Title: PharmaNote
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Permanent Link: http://ufdc.ufl.edu/UF00087345/00035
 Material Information
Title: PharmaNote
Series Title: PharmaNote
Physical Description: Serial
Creator: University of Florida College of Pharmacy
Publisher: College of Pharmacy, University of Florida
Publication Date: October 2005
 Record Information
Bibliographic ID: UF00087345
Volume ID: VID00035
Source Institution: University of Florida
Rights Management: All rights reserved by the source institution and holding location.


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Fiona Du Tran, Pharm.D. Candidate

Over 100 million Americans of all ages fail to get
a good night sleep. Approximately 70 million suffer
from insomnia but only 6% are diagnosed. Further-
more, only half of those diagnosed receive treatment
for their condition. Women are twice as likely as
men to have difficulties falling asleep or staying
asleep. The gender difference may be due to men-
strual cycles, pregnancy, menopause, or post-
menopausal factors.1'2 When left untreated insomnia
can lead to depression, impaired productivity, absen-
teeism from work, increased risk of accidents, and
decreased quality of life. Insomnia has been linked to
a variety of health problems including obesity, diabe-
tes, hypertension, heart disease, and depression. Ac-
cording to the National Sleep Foundation, $14 billion
is spent annually on healthcare related to insomnia
and $28 billion is lost in productivity, medical ex-
penses, sick leave, and property and environmental
damage. Additionally, the prevalence of insomnia
increases in the elderly a rapidly expanding sector.
In the elderly, untreated insomnia can complicate
other common medical conditions such as arthritis,
diabetes, heart disease, and depression.2
Insomnia is characterized by difficulty falling
asleep, staying asleep, or poor quality of sleep lead-
ing to impairment of next-day functioning. Insomnia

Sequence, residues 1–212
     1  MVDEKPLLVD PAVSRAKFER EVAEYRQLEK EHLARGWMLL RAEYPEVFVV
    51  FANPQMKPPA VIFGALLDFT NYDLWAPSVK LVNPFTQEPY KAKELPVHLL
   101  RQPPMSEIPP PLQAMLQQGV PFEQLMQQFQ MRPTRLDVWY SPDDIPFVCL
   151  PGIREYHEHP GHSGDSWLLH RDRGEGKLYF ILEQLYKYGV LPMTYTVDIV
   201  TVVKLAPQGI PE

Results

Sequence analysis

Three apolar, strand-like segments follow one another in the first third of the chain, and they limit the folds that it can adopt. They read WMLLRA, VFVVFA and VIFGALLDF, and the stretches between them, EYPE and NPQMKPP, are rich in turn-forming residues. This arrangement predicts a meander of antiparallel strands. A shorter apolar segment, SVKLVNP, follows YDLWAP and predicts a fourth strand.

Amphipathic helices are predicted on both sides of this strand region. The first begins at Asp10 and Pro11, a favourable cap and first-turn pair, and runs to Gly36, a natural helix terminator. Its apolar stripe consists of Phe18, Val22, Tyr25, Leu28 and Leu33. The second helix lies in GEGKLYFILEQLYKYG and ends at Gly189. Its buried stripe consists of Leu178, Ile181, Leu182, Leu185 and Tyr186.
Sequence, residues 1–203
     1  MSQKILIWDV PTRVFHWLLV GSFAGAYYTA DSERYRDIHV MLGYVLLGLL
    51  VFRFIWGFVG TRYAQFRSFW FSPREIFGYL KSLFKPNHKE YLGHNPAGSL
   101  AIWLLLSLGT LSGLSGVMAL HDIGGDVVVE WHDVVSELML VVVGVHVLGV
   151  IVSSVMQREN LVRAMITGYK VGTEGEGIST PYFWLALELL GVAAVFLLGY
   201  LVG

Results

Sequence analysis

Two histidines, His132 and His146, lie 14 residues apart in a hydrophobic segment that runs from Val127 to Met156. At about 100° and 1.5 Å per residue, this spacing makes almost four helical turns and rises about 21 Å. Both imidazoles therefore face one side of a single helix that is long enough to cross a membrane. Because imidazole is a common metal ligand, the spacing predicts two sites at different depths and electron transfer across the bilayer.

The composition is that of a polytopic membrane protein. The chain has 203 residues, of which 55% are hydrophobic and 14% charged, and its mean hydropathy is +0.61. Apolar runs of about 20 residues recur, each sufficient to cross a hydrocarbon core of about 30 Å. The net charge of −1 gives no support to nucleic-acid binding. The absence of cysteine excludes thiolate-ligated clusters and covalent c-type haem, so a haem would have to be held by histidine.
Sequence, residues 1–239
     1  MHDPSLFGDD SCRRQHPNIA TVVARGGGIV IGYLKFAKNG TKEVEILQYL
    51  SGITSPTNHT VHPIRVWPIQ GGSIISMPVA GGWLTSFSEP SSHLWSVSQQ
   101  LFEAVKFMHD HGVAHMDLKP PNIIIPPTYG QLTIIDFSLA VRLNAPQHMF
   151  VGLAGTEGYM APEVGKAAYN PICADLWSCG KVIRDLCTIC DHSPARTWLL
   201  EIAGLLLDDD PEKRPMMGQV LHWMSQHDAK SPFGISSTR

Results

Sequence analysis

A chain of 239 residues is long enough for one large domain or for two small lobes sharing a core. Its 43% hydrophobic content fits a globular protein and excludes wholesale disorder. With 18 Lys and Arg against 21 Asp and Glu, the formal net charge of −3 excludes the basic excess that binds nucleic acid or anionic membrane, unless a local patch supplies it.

can be divided into acute and chronic. Acute insom-
nia is often caused by emotional or physical discom-

fort, including significant life stress, acute illness, jet
lag, and environmental disturbances such as noise,
light, and temperature. Chronic insomnia can be
caused by various factors acting singly or in combi-
nation, and usually occurs in conjunction with other
health problems. Factors such as chronic stress, hy-
perarousal, poor sleep hygiene and behavioral condi-
tions can all cause chronic insomnia. Psychiatric dis-
orders, medications, substance abuse, or specific
sleep disorders such as restless leg syndrome (RLS),
periodic limb movement disorder (PLMD), sleep ap-
nea, and circadian rhythm sleep disorders are often
seen in patients with chronic insomnia.3
There are various options available for the treat-
ment of insomnia. Hypnotic medications are primar-
ily for short-term management of insomnia, either as
the sole treatment modality or as adjunctive therapy
until the underlying problem is controlled. Barbitu-
rates were formerly the gold standard but have fallen
out of favor due to significant drug-drug interactions,
respiratory depression, tolerance, psychological and
physical dependence, and severe withdrawal compli-
cations. The most commonly prescribed hypnotic
agents are benzodiazepines. They can induce, main-
tain, and improve sleep.3 However, prolonged use or
use of long-acting agents can lead to daytime sleepi-
ness, cognitive impairment, coordination difficulties,


INDEX FOR VOLUME 20 (OCT. 2004-SEP. 2005)